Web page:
In an interview to America's Newsweek magazine, Zardari said: "Something [that happened] in the old days when dictators used to run the country. Maybe before 9/11, that may have been a position. [But] since then, things have changed to a great extent".
He said the group had now been banned in Pakistan, but such groups "keep re-emerging in different forms". "Whenever there is actionable intelligence, we move in before anyone else does," he said.
He said that his late wife and former Prime Minister Benazir Bhutto and he had always believed that intelligence agencies had nothing to do with politics.
"Since I have been in government, we've had a stated position that ISI has no political role anymore," he said, and denied that US Secretary of State Condoleezza Rice had asked Pakistan to arrest 'some people', particularly former ISI head Lt. Gen. (retired) Hamid Gul.
"She is a friend and she knows Pakistan is a responsible state, and the Americans and the British know how much my government has done for this operation," Zardari told Newsweek.
Gul was "definitely not in our good books", he said, but added the retired general was not accused in the Mumbai terrorist attacks last month.
"He is more of a political ideologue of terror rather than a physical supporter," the president said.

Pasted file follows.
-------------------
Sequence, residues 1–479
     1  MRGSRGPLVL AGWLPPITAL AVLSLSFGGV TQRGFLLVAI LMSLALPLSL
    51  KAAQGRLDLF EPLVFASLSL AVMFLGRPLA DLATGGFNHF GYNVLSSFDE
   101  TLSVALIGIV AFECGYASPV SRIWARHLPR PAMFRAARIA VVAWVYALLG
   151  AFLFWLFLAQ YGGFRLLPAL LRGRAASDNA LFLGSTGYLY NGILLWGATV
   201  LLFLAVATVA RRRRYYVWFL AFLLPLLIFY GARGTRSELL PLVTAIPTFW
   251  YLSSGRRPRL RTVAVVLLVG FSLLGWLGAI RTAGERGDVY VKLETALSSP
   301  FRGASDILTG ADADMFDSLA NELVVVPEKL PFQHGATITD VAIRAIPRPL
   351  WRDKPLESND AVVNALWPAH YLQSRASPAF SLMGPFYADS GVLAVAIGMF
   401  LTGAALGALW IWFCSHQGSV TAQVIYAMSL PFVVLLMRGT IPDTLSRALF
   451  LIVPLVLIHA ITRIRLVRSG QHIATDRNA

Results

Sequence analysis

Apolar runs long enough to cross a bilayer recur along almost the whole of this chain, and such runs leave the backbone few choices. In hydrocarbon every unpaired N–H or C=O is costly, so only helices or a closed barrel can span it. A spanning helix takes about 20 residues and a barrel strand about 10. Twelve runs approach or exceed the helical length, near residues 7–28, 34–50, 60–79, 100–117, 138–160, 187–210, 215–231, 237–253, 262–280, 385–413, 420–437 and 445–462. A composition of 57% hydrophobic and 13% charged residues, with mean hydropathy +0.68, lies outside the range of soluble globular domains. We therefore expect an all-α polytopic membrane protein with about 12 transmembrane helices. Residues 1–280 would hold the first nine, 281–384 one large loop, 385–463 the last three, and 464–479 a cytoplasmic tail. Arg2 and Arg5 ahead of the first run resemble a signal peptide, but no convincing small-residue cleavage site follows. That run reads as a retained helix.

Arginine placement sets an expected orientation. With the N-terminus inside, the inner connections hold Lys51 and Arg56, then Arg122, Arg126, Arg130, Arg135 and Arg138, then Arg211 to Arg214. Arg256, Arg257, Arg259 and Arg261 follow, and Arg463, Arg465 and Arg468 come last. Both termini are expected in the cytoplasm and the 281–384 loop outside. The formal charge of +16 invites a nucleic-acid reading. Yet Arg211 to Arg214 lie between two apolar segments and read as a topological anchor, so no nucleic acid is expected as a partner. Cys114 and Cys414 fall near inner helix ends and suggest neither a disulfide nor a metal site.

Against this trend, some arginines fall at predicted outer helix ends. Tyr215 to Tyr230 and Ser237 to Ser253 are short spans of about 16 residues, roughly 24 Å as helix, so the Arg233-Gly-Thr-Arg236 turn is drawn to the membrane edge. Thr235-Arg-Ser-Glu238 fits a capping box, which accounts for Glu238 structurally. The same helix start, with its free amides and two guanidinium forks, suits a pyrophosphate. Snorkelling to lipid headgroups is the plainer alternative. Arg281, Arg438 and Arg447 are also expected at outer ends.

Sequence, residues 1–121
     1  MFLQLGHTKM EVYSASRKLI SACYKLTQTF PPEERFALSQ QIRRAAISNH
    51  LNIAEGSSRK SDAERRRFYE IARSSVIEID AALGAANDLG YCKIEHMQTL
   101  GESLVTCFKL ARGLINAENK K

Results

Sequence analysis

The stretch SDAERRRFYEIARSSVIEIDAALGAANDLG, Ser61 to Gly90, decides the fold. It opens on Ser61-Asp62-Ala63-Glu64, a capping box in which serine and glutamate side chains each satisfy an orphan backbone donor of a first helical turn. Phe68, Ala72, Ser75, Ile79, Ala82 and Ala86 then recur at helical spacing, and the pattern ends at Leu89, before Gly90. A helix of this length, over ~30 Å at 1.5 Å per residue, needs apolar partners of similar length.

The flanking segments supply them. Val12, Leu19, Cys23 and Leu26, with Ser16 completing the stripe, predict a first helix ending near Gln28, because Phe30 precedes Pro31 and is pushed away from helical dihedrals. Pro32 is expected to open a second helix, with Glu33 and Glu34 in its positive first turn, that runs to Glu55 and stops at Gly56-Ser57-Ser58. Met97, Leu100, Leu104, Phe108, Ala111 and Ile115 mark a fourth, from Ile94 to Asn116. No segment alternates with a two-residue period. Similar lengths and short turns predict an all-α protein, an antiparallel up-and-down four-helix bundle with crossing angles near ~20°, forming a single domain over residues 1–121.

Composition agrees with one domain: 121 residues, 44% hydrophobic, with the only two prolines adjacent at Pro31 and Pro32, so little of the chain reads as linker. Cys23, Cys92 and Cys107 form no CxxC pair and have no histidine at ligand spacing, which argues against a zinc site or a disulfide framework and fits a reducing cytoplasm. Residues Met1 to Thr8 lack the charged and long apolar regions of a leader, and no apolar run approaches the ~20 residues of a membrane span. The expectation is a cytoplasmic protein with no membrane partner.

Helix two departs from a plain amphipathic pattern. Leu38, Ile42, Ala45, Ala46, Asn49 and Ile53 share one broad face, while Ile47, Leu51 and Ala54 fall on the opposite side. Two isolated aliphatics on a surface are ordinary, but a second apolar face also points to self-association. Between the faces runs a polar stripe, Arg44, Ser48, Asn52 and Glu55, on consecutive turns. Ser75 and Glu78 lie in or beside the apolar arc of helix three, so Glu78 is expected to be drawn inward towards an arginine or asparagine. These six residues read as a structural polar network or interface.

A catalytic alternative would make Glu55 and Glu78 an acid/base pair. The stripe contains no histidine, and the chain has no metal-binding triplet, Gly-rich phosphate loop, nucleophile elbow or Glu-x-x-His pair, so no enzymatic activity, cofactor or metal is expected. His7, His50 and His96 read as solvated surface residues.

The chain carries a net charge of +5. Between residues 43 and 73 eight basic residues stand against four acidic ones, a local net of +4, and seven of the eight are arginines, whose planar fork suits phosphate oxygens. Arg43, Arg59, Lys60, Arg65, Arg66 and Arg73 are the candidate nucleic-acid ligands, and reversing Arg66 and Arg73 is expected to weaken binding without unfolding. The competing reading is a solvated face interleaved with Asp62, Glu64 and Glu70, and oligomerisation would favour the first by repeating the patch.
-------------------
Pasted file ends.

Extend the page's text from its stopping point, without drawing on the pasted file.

The Indians "have given us very little information" on the probe into the Mumbai attacks, Zardari told the magazine, but added that if elements in Pakistan were found involved, Pakistan would take action against them.
"Not for them, it's for myself . . . The Indians must understand that the government and the people of Pakistan are net losers of the situation. We had put in a lot of effort . . . to make good relations with India." He said there were reports Russia had told the Indians about the attack, "but I wish the Russians had also shared it with us," he said.
Asked if he thought his government could shut down the Lashkar, , Zardari said: "Nobody will be allowed to use Pakistan soil for any form of aggression toward any friend or foe."